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Refuge and Resilience

Promoting Resilience and Mental Health among Resettled Refugees and Forced Migrants

  • Laura Simich
  • Lisa Andermann

Part of the International Perspectives on Migration book series (IPMI, volume 7)

Table of contents

  1. Front Matter
    Pages i-xviii
  2. Laura Simich
    Pages 1-6
  3. Farah N. Mawani
    Pages 27-50
  4. Clare Pain, Pushpa Kanagaratnam, Donald Payne
    Pages 51-60
  5. Miriam J. Stewart
    Pages 91-107
  6. Yogendra B. Shakya, Sepali Guruge, Michaela Hynie, Sheila Htoo, Arzo Akbari, Barinder (Binny) Jandu et al.
    Pages 131-154
  7. Kwame J. McKenzie, Andrew Tuck, Branka Agic
    Pages 181-194

About this book

Introduction

Taking an interdisciplinary approach and focusing on the social and psychological resources that promote resilience among forced migrants, this book presents theory and evidence about what keeps refugees healthy during resettlement.  The book draws on contributions from cultural psychiatry, anthropology, ethics, nursing, psychiatric epidemiology, sociology and social work.

Concern about immigrant mental health and social integration in resettlement countries has given rise to public debates that challenge scientists and policy makers to assemble facts and solutions to perceived problems.  Since the 1980s, refugee mental health research has been productive, but arguably overly-focused on mental disorders and problems rather than solutions.  Social science perspectives are not well integrated with medical science and treatment, which is at odds with social reality and underlies inadequacy and fragmentation in policy and service delivery.  Research and practice that contribute to positive refugee mental health from Canada and the U.S. show that refugee mental health promotion must take into account social and policy contexts of immigration and health care in addition to medical issues.  Despite traumatic experiences, most refugees are not mentally ill in a clinical sense, and those who do need medical attention often do not receive appropriate care.  As recent studies show, social and cultural determinants of health may play a larger role in refugee health and adaptation outcomes than do biological factors or pre-migration experiences.   This book’s goal therefore is to broaden the refugee mental health field with social and cultural perspectives on resilience and mental health.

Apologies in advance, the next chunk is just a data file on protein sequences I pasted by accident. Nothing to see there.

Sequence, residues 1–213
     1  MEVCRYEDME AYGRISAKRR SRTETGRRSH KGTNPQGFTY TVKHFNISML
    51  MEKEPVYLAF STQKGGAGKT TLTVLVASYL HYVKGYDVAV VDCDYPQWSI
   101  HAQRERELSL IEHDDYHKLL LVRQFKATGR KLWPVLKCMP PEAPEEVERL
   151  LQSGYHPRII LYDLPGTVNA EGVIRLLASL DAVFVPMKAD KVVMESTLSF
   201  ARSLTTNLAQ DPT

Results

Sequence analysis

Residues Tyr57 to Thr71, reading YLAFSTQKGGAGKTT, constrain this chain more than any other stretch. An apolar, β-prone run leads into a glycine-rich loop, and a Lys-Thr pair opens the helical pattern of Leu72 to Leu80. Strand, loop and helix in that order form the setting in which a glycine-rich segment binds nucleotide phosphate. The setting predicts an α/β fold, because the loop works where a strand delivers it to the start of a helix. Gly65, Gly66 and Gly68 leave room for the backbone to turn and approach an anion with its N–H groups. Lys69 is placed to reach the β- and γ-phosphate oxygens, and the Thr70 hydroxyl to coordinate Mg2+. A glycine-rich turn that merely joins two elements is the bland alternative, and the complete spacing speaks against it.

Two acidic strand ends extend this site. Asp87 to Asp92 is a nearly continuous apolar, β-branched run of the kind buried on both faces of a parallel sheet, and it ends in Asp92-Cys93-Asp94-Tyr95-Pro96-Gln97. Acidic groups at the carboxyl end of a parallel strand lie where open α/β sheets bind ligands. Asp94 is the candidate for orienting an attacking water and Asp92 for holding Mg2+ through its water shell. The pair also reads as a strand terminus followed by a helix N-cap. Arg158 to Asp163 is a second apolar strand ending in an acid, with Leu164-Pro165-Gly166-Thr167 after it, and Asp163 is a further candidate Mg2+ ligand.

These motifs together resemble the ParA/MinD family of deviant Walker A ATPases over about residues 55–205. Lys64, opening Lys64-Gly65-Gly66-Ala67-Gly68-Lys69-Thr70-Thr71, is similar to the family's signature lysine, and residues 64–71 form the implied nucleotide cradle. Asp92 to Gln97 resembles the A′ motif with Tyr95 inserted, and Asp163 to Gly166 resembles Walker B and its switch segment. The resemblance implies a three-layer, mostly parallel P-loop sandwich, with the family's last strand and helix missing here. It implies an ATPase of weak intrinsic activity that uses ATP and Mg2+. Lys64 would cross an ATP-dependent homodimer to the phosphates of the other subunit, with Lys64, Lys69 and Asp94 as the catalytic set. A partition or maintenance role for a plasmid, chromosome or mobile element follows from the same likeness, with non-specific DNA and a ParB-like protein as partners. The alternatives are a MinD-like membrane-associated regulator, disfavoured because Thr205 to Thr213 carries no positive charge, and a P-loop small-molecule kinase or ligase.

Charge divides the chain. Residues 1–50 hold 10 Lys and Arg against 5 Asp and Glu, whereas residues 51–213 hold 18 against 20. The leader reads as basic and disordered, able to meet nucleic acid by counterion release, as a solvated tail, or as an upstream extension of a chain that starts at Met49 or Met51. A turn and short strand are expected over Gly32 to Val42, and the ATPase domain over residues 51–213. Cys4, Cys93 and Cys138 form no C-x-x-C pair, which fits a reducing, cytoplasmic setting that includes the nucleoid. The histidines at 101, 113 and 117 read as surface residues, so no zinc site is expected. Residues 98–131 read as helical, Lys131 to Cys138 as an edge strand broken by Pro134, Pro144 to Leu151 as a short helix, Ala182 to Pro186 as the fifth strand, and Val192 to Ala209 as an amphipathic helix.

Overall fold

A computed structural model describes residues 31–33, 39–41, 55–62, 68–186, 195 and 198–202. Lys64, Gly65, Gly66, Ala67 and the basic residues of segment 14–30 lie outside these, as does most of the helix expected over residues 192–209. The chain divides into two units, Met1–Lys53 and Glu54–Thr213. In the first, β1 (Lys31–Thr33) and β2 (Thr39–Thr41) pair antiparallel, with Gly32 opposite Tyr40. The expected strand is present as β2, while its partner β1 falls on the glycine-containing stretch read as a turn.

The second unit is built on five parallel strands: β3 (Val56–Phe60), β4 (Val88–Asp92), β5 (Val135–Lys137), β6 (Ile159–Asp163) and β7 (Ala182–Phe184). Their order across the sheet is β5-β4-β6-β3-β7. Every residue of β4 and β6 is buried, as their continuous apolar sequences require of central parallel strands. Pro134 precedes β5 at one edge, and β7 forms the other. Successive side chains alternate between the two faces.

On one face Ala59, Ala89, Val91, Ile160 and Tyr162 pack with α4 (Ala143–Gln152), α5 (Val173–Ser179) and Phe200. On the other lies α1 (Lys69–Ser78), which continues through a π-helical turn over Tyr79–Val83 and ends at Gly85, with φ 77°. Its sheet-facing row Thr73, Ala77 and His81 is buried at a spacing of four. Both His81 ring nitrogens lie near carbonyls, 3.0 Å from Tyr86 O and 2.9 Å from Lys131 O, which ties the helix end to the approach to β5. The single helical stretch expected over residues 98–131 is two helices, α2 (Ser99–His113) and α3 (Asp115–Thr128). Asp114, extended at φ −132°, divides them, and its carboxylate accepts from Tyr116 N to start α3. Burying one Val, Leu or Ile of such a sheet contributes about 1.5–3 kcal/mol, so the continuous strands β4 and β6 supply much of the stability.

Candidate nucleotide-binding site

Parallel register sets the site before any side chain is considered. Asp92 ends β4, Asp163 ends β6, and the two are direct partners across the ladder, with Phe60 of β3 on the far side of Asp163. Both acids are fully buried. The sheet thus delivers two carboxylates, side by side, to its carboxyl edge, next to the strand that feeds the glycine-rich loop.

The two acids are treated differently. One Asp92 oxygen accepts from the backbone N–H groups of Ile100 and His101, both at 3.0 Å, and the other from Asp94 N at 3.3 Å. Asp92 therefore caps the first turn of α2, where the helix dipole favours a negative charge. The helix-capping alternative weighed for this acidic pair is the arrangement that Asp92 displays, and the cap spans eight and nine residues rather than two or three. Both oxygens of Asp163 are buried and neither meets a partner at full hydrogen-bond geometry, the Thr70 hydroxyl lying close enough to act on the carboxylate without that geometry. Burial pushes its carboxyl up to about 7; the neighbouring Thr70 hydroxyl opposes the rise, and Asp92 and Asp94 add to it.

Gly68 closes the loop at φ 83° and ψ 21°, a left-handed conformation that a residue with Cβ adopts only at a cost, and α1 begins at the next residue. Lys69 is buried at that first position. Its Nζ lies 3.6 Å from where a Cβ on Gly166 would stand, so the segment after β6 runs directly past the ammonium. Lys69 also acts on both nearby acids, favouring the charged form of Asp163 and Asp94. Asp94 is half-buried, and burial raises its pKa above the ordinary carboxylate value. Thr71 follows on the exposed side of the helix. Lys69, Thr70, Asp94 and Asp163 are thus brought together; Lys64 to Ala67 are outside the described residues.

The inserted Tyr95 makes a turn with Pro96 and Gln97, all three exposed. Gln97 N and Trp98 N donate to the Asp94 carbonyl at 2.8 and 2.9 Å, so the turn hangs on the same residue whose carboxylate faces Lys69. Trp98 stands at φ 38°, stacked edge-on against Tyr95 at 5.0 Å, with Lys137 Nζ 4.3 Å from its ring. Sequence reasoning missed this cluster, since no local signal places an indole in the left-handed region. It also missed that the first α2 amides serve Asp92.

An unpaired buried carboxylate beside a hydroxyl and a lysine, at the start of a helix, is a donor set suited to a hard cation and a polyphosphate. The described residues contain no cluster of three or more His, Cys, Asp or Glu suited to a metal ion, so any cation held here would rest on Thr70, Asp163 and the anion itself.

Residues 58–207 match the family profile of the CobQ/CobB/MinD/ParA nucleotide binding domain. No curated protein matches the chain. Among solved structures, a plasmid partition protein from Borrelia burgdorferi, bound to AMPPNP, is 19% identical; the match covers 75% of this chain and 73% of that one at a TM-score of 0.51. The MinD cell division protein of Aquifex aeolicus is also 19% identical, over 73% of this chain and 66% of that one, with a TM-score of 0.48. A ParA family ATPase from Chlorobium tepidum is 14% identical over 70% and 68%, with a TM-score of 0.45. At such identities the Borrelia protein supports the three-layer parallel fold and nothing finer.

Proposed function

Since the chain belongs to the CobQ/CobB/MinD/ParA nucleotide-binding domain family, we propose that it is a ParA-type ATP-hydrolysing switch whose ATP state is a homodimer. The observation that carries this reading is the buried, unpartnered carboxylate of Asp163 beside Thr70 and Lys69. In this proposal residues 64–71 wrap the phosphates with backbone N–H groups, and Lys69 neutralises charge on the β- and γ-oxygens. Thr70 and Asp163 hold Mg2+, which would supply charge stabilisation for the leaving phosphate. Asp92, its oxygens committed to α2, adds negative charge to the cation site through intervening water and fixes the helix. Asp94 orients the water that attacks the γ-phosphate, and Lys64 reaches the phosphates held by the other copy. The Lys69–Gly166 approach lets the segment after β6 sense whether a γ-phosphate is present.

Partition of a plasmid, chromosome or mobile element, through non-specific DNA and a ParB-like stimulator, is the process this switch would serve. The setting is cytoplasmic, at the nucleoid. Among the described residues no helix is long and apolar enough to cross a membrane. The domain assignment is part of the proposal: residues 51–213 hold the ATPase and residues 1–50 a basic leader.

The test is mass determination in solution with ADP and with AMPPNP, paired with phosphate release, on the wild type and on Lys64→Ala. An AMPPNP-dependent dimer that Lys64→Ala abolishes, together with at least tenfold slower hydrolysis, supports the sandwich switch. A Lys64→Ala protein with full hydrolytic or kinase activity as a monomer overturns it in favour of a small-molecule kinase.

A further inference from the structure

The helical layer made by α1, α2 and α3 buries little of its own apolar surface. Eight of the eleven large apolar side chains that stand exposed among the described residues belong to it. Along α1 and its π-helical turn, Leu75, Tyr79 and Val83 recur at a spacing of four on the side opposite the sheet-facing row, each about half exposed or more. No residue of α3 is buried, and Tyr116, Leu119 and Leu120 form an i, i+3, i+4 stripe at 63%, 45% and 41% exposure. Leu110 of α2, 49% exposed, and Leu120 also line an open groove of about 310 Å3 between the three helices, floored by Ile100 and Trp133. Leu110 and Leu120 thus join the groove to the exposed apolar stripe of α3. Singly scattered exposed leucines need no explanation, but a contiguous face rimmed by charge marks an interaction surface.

Keywords

Forced migrants Health despite adversity Historical and theoretical aspects of resiliency Human trafficking Immigration and health care Law and detention Medical science and treatment Mental disorders and problems Mental healthcare policy for refugees Refugee mental health Social adaptation Social and Psychological resources Social determinants Staying health during resettlement Stress process research Trauma and psychological treatment Vulnerability, resilience an d empowerment

Editors and affiliations

  • Laura Simich
    • 1
  • Lisa Andermann
    • 2
  1. 1.Center on Immigration and JusticeVera Institute of JusticeNew YorkUSA
  2. 2.Department of Psychiatry Equity, Gender and Populations DivisionUniversity of Toronto Mount Sinai HospitalTorontoCanada

Bibliographic information

  • DOI https://doi.org/10.1007/978-94-007-7923-5
  • Copyright Information Springer Science+Business Media B.V. 2014
  • Publisher Name Springer, Dordrecht
  • eBook Packages Humanities, Social Sciences and Law
  • Print ISBN 978-94-007-7922-8
  • Online ISBN 978-94-007-7923-5
  • Series Print ISSN 2214-9805
  • Series Online ISSN 2214-9813
  • Buy this book on publisher's site